It’s 4.00 in the morning and I’m slowly driving on a narrow street behind the Chinese Embassy in Bucharest.
I feel a rush of blood in my cheeks. There’s no one here, I’m the first!
Oh wait, there’s something across the street – five people in a circle, shriveling between some parked cars. Well, it’s not that bad to be the sixth, I’ll surely make it in today.
Good evening, I say, where’s the list? They chuckle – there it is, beneath that rock.
I lift the rock with a heavy heart. It’s my fifth morning in front of the embassy. 15 people can apply for a visa each day, and the list decides who the lucky ones are. I take a look, gasp and put it back under the rock. I’m number 28.
Wait a minute. There are only 6 people here. Where are the other 22 on the list?
The bastards went to sleep, while we’re waiting here like some dogs, answers an old man with a moustache. He’s extra angry with the travel agents, who always register first and go in with a suitcase full of passports, choking the list and sending te rest on another night shift.
After a couple of nights, people get kind of desperate. Everyone here spent hundreds of euros on planes and they’ll lose it if they’re not higher on the list.
Let’s make another list!, says the moustache guy. He’s very determined. He was in a mountain rescue unit. He getsa piece of paper and we write our names on the new list. We’re the good people, the ones who don’t sleep in their bed. I’m number 12.
People keep coming in, we tell them about the two lists and they put their names on both, not to take any chances. Everyone agrees that the new list is the moral one, but no one dares to destroy the crooked one.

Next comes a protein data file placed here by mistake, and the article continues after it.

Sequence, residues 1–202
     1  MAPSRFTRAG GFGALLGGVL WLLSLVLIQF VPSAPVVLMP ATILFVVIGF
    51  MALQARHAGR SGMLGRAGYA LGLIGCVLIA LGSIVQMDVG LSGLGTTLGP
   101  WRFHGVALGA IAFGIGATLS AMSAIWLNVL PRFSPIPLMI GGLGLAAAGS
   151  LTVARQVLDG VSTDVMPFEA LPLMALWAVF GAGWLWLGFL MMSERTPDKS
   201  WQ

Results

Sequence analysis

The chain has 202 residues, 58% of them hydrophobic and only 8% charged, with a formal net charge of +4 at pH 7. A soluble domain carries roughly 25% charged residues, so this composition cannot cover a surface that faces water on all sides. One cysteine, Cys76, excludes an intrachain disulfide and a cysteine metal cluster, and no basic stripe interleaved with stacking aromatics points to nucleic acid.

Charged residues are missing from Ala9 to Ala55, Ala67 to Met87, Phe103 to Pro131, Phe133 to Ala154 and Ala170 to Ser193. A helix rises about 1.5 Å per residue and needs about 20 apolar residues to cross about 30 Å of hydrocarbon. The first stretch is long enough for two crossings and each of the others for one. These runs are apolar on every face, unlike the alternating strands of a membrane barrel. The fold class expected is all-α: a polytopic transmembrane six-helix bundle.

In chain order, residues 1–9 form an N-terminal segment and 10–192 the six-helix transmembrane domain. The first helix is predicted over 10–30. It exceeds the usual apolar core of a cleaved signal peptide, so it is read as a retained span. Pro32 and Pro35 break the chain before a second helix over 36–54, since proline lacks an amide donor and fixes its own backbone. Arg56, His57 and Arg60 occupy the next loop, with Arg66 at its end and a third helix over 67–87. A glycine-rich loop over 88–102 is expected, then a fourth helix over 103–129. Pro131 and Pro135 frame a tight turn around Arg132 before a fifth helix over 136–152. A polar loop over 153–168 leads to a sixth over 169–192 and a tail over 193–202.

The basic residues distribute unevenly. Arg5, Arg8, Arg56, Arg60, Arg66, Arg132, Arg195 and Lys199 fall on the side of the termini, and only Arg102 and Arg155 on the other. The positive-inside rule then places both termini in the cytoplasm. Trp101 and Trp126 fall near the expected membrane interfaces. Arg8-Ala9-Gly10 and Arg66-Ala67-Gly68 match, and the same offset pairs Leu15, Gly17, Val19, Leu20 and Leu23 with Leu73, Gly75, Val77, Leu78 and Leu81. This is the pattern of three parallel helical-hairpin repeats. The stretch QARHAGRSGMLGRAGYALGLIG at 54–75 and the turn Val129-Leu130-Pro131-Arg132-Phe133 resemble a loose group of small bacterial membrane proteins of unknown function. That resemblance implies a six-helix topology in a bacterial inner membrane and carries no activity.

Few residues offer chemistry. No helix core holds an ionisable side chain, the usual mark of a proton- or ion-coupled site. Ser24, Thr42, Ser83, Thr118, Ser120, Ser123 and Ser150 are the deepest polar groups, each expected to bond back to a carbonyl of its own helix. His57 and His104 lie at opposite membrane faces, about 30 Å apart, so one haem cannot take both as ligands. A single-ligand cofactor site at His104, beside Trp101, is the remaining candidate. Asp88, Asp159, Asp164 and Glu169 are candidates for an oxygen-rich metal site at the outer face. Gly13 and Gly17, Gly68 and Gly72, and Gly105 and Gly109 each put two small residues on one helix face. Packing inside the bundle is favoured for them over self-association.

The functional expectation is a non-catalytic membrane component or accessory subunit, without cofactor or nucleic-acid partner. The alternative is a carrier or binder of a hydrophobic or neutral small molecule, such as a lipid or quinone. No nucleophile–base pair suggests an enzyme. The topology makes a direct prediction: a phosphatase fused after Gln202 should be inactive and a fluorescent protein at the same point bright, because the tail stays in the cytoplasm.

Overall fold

Until a guy shows up, puts his name on the new list and just rips the old one to shreds, then throws it in the bin.
The sun is rising and we just made a small revolution.
But then one of the guys on the old list shows up and tears apart our list!
A moment of panic. Without a list we’ll probably have a fist fight when the doors open. So we rewrite the list, but with the gutsy guy in the first place. This ruins the ethical purity of our list, but preserves some sense of social order.
And right then he comes, in an angelic white shirt, the private security guard who takes charge of the list and makes it official.
It’s nine o’clock and the hucksters start showing up in their fancy cars, well rested and clean, smiling until they hear about the brave new world.
Now they’re furious. They’re shouting. The gendarmes calm them down (they were secretly on our side). The guard at the office across the street calls the police because we were allegedly blocking the parking. The police comes and instead gives them a fine for the illegal parking lot they set up.
There’s a genuine scandal and at last the cogs of the system are getting greasy.
The consulate guard announces that the people on the list who don’t make it today will be first tomorrow. No more sleepless nights! And then a second desk opens, with a nice young boy who gives visas to everyone.
Welcome to China.